The charms of a gunslinger: 3:10 to Yuma and the return of the western

With so many movies featuring nerds, super heroes, and torture these days, it’s pleasant to watch a well-made western. Taken from an Elmore Leonard short story originally published in Dime Western magazine in 1953, 3:10 to Yuma has the old-fashioned virtues of a tightly focused plot, entertainingly cheerful villains, and the recalcitrant, slouching style of a gunslinger. After Ben Wade (Russell Crowe) and his gang rob the Southern Railroad’s stagecoach, Ben lingers in Bisbee, Arizona to sleep with a woman running a saloon. He likes to draw in his free time, so he sketches her backside afterwards, and leisurely walks downstairs to get ready to go. He encounters a local rancher Don Evans (Christian Bale) who contrives a way to stall Ben until the sheriff busts him for 22 robberies and untold murders in the area. The problem is, the railroad representative (Dallas Roberts) needs volunteers to escort Ben to the train station in Contention three days away. He eventually gets the local veterinarian and Don Evans to go for $200, but then Ben Wade has his gang try everything they can to free their leader. His right hand man, the cold, blue eyed Charlie Prince (Ben Foster) sports a confederate uniform jacket, and he’s delightfully dastardly. He burns a man trapped inside a stagecoach just for some information. When he encounters a vengeful posse trying to capture and torture Ben, he abruptly shoots them all, saying “I hate posses.” Charlie has the chilliness and poise of a snake, his only pleasure lies in killing, and he’s only loyal to Ben Wade.

At one time during the film’s preproduction, the producing/writing/directing team Cathy Konrad and James Mangold (makers of Walk the Line) considered casting Tom Cruise for the role of Ben Wade. Thankfully, Russell Crowe committed instead, and he obviously relishes playing the highly charming villain. Equal to all occasions, Wade looks on bemusedly as his gang robs the stage coach, some of them getting mowed down by a Gatlin gun. When one of his gang makes a mistake, Ben shoots him in the neck and then proclaims that “Tony was weak. Tony was stupid. Tony is dead” over a bottle of whiskey in case anyone minds. Reminiscent of Hannibal Lecter at times, Ben disorients his captors just by talking and observing what’s going on around him. He has the charm of a sociopath, reciting passages from the book of Proverbs, and justifying his murders as a form of divine retribution. As Christian Bale’s character Don awkwardly tries to stick to the “path of decency” for his measly $200, Ben decided long ago to not “mess around with doing anything good.” Why behave when he can enjoy grabbing what he can get so gracefully? Russell Crowe has done good work in films such as The Insider, Gladiator, and Cinderella Man, but his Australian nonchalance seems tailor-made for this film. He’s one of the few younger stars who can play an old-fashioned masculine lead in this age of pretty boyish actors.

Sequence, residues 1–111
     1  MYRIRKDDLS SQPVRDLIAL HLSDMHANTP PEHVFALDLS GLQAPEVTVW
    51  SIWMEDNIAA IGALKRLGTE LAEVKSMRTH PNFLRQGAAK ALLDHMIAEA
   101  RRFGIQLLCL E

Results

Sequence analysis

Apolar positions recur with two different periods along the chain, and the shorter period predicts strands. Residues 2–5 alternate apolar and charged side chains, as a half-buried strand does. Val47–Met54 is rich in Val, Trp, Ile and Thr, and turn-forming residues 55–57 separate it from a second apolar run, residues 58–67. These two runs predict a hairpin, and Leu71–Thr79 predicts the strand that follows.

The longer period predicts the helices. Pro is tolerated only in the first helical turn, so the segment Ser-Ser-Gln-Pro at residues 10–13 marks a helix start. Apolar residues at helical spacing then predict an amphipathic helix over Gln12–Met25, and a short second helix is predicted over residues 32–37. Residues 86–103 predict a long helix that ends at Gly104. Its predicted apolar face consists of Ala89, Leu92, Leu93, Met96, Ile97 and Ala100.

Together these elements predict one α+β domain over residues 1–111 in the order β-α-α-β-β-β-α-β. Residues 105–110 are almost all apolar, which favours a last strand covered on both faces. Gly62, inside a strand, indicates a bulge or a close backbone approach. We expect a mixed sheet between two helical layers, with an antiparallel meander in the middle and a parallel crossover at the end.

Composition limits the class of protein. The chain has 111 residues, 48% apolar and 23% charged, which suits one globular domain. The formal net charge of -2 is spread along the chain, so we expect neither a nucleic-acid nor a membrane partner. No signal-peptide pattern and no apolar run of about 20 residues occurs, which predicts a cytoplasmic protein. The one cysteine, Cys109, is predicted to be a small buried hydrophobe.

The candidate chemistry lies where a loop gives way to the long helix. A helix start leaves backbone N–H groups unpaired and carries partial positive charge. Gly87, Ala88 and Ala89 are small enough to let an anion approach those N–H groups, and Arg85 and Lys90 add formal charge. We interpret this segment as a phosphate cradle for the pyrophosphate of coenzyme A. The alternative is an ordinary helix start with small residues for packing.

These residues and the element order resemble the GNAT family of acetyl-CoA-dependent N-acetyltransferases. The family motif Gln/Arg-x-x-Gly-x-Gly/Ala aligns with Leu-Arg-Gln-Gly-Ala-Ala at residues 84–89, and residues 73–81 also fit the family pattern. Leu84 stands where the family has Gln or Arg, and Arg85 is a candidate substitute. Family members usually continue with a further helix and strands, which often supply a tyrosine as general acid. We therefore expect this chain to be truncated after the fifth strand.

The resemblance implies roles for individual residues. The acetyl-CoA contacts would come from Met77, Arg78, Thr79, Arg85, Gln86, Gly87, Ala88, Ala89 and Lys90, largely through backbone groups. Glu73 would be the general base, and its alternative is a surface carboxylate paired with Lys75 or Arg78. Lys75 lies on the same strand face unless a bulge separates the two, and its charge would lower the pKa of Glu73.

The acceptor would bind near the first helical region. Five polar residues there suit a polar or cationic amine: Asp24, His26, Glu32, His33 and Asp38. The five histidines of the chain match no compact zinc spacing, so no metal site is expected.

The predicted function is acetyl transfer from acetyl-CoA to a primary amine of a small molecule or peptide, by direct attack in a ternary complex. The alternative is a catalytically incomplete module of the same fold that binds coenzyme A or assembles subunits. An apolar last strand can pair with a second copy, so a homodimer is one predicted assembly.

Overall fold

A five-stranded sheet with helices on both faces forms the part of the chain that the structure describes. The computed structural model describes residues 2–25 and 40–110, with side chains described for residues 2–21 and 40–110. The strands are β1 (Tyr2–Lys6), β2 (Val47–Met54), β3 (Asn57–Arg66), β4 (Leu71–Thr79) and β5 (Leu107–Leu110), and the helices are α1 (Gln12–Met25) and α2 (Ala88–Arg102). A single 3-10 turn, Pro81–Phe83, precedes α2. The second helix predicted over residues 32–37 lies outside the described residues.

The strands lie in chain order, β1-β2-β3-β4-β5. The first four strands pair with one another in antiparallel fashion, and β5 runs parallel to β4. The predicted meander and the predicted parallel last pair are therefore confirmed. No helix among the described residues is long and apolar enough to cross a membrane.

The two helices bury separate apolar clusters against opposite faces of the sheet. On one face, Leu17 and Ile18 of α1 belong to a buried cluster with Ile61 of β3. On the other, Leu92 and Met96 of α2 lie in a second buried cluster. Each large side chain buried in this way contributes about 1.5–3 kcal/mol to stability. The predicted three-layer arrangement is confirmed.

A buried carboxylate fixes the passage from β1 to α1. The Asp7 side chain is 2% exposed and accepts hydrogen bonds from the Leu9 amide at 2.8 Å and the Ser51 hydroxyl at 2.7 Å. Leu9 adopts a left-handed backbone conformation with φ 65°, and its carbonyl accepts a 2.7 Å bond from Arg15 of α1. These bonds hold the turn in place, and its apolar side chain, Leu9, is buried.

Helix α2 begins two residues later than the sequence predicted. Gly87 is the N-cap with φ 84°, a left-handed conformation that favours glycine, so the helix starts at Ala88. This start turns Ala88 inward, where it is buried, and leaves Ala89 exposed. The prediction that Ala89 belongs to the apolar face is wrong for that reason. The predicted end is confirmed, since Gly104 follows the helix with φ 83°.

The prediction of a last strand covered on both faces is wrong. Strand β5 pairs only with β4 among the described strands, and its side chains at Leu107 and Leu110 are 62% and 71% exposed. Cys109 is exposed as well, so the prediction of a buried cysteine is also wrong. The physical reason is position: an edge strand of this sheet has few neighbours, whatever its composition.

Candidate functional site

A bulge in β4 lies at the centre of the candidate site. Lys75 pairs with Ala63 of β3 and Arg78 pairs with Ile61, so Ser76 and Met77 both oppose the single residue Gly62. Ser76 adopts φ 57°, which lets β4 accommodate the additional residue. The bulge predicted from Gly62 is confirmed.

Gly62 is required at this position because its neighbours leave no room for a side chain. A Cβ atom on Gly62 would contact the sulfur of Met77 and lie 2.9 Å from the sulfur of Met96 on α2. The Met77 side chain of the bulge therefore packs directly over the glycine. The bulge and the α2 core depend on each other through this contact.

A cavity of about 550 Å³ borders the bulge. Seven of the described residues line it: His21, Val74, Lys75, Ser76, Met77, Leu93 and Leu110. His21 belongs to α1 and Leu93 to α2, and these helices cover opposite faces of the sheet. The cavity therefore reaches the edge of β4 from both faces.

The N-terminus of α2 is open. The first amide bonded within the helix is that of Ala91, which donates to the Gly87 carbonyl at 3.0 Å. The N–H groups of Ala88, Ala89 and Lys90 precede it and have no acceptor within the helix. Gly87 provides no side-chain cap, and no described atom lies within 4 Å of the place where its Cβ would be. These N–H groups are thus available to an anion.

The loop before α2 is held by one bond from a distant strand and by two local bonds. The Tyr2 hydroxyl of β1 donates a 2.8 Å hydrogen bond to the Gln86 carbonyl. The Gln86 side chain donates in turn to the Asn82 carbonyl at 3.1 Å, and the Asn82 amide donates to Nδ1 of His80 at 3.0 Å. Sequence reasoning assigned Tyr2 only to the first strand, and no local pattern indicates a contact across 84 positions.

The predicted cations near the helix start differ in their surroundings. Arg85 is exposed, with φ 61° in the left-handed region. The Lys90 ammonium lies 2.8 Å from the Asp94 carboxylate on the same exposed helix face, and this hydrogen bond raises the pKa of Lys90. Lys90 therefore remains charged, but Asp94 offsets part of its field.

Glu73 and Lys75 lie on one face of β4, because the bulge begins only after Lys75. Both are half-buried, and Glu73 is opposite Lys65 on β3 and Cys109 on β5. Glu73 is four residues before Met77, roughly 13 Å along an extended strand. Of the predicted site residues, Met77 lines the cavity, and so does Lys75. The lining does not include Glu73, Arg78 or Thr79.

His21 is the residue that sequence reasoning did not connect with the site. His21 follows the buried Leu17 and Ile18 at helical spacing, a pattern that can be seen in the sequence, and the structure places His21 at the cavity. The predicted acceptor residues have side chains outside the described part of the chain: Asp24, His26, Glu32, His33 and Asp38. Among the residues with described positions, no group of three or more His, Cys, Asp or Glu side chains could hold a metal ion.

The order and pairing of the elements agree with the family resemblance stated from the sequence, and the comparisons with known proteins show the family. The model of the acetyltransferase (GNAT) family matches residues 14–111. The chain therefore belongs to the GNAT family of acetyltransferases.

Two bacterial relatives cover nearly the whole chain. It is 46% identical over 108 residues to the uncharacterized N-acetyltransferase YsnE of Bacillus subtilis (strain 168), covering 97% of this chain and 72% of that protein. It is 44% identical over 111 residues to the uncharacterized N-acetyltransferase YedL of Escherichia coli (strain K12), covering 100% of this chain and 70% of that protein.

In contrast to Crowe, Christian Bale’s character Evans has a drought-stricken ranch, a barn burned down in the opening scene, a leg shot off during the Civil War, and a fourteen year old son who doubts his dad’s manhood. Bale has the difficult job of making an ethical character appealing, and he does it by not looking like a star at all. With his pinched features and yellow teeth, he really looks like a down-on-his-heels rancher, so he complements Crowe’s cheerful mien well.

The director James Mangold relies too heavily on close-ups, but he draws excellent performances out of everyone, and the film builds to a satisfying showdown in Contention as Evans takes on an entire town of trigger-happy outlaws. Naturally, the climactic ride is late, so Ben Wade remarks “Damn trains. Never can rely on them, huh?” In contrast to most recently released films, one can rely on the easygoing artistry of 3:10 to Yuma.


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